Outlander Season 2 Episode 8 Recap: Return Of The Mack

Photo: Courtesy of Starz.
Pictured: Caitriona Balfe (Claire) and Sam Helghan (Jamie) return to Scotland.
Warning: This article contains spoilers from tonight's episode of Outlander. Read at your own risk.

After last week's heady mix of a stillbirth, royal sexual favors, and a child's brutal rape, we all needed a palate cleanser. Roll on, Scotland.

Jamie, Claire, Murtagh, and Fergus have swapped satin gowns and nights at Madame Elise for tartan prints and growing tatties back in Lallybroch. Jamie's sister Jenny has wasted no time in having another baby, on whom Jamie can't resist doting. We'd hire him to babysit. Do you need kids for that?

Anyway, the farm life seems to be treating a loved-up Jamie and Claire well. They're healing their "battered souls," which means things can only go downhill. On cue, a letter arrives informing Jamie that his signature has been forged and he's publicly outed himself as a loyal supporter of Charles Stuart. He'll now be seen as a traitor to the crown, and with Charles gathering his army in Scotland, joining the cause is really the only option. Claire suggests they high-tail it to Ireland, but Jamie's convinced he can still change history by helping the Jacobites win the war. Ultimately, though, it's about keeping his family and beloved homeland intact, not putting Charles in charge (heh).

Jamie rounds up local men to serve, but is annoyed when he's sent to recruit a certain Simon Fraser, Lord Lovat, to the cause. According to Jenny, Simon is an "old buzzard with loyalty only to those who line his pockets." He's also she and Jamie's grandfather, having sired a child, their father, with a kitchen maid. He sounds like a pill, but Jamie agrees to meet with him at Beaufort Castle.

And so the Frasers say goodbye to Jenny and her family, leaving Fergus in Murtagh's care for the time-being. It's not long before they bump into another familiar face, however. Colum MacKenzie has also arrived, eager to discuss a response to Charles' rebellion with Lord Lovat. He doesn't seem fazed by Claire's anger over that whole almost-having-her-burned-as-a-witch brouhaha.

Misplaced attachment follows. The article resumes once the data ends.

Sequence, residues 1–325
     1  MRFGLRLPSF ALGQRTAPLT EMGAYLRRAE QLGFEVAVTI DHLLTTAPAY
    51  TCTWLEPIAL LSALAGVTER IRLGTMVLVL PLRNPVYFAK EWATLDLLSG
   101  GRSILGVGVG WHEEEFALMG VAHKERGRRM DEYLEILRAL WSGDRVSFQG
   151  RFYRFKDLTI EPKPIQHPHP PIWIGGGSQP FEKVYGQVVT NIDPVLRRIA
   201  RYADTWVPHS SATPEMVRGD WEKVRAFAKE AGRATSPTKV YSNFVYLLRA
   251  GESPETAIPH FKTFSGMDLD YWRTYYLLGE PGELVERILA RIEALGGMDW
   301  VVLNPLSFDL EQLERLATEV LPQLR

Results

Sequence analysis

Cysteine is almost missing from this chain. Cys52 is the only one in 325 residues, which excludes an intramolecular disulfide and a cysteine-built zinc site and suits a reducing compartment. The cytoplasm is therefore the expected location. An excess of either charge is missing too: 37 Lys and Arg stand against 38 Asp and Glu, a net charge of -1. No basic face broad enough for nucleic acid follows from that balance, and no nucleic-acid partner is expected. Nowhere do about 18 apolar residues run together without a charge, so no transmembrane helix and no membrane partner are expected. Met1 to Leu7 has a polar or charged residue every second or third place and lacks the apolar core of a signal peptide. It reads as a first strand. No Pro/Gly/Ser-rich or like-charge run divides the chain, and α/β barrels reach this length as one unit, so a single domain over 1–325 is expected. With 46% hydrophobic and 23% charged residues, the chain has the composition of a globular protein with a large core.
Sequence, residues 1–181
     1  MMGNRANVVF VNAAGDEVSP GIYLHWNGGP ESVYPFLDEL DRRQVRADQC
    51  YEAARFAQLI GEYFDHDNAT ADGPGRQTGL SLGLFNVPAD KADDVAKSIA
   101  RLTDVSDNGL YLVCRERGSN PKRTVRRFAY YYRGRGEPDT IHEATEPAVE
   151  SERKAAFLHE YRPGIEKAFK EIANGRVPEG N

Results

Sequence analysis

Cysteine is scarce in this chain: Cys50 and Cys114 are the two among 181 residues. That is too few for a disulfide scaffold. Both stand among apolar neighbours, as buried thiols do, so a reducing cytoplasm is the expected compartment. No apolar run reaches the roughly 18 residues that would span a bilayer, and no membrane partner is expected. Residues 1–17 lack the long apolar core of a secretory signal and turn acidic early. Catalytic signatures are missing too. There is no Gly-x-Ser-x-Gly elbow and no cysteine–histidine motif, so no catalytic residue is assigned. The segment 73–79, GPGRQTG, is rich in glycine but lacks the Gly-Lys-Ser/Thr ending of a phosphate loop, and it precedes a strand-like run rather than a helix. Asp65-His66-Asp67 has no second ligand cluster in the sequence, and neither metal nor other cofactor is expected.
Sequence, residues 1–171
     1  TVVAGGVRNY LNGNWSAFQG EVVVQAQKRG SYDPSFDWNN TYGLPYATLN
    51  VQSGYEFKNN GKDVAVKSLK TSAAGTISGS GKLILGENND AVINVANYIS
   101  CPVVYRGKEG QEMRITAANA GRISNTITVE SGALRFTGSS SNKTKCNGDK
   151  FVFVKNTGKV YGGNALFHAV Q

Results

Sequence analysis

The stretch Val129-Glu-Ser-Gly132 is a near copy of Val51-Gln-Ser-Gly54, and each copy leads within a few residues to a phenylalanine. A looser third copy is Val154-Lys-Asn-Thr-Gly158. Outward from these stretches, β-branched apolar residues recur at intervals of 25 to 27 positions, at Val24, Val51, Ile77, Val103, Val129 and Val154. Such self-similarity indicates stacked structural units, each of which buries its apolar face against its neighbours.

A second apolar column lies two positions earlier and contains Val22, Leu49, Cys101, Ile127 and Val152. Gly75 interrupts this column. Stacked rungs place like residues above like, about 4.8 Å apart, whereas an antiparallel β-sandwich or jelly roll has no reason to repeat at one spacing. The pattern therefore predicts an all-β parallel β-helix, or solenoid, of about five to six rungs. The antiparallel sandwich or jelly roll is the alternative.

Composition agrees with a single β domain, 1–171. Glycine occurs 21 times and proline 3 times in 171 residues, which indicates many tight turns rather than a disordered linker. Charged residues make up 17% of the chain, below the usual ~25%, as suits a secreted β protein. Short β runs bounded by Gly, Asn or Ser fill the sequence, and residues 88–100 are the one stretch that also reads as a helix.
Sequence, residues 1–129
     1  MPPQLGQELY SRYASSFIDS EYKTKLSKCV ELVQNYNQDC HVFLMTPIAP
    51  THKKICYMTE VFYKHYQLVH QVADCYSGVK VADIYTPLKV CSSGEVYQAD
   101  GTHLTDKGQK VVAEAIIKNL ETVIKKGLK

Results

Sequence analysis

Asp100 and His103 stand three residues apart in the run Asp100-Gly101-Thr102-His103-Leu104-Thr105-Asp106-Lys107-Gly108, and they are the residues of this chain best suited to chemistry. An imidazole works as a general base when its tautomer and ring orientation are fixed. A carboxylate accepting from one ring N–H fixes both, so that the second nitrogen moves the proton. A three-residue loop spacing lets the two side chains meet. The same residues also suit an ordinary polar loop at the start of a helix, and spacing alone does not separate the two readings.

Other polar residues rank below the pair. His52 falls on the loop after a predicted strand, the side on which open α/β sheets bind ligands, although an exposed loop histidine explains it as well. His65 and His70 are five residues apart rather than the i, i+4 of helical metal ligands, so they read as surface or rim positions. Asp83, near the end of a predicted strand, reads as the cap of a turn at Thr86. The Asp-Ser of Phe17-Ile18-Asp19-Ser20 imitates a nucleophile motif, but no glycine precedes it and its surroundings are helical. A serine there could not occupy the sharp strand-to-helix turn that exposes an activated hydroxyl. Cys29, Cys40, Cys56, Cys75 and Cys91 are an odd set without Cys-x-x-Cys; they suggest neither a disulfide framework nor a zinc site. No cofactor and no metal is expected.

Things are about to get even more uncomfortable for Claire. Jamie's grandsire Lord Lovat arrives with his shirt unbuttoned to his navel and a handful of crude Sassenach jokes at his own disposal. He wastes no time in kicking her out so the menfolk can scratch their balls and talk politics. That's when she bumps into Becky with the good hair — Laoghaire. Her old romantic rival is there as Colum's maid. She apologizes for her role in the witch trial drama, and Claire shuts her down. “I don’t hate you, Laoghaire," she snaps. "I pity you." Cue tears.

The two women are treated as little more than eye candy at that night's heated dinner date. Nobody cares what the Sassenach has to say, and both Lord Lovat and his son, Young Simon, can't resist devouring Laoghaire with their eyes. This results in the father humiliating his son, while Jamie tries to rally everyone together in support of Charles' cause.

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Photo: Courtesy of Starz.
Pictured: Clive Russell as Lord Lovat.
The Frasers' takeaway: Colum is trying to undermine the Jacobite rebellion. Lord Lovat is playing both sides, which probably means he wants something in return. Sure enough, Lord Lovat admits that he wants Jamie to pledge the fealty he refused to grant Colum. What he really wants is control of Lallybroch, and makes some creepy comments about Claire's honor to get his point across. Jamie responds by outing Claire as a witch who'll pretty much strap sticks of dynamite to his genitals if he tries anything. Grandpappy, who has a superstitious side and his own seer, is suitably scared.

A plan is hatched. Jamie and Claire plan to use Laoghaire to boost Young Simon's confidence and convince him to stand up to his father about the rebellion. Claire manipulates the girl into chatting up Young Simon on a long walk. She leaves them to flirt while she speaks with Lord Lovat's seer. She's on his shit list because she had an ominous vision of him dying a traitor's death Ned Stark-style. Claire files this information away for later, then discovers that Young Simon has run off, no doubt flustered by the female attention.

Colum, meanwhile, is begging Jamie not to join Charles' cause, as he thinks the rebellion will just "melt away." In the end, Lord Lovat gathers everyone together and announces that he has two documents prepared. One assigns him ownership of Lallybroch in exchange for troops; the other is a pact of neutrality with Colum and the MacKenzie clan.

Jamie is just about to sign the Lallybroch contract when Claire drops her mug and has (fakes) a vision. She repeats his seer's execution vision to Lord Lovat, throwing in some Jacobite-symbolizing white roses for good measure. He reacts by grabbing a knife to slice her throat, but is stopped by Young Simon. Pepped up by a loving glance from Laoghaire, the son announces that he'll join Jamie's fight. His father, however, decides to stand with Colum and remain neutral.

As Jamie and Claire prepare to set off with Young Simon, Lord Lovat's true intentions become clear. The neutrality agreement with Colum keeps him safe with the British, but he's happy to keep the Stuarts sweet by letting his son take off with dozens of his kilt-clad men. In another life, he'd be Frank Underwood.

The troops set off, with Claire feeling optimistic for once. It's time to make some lemonade.
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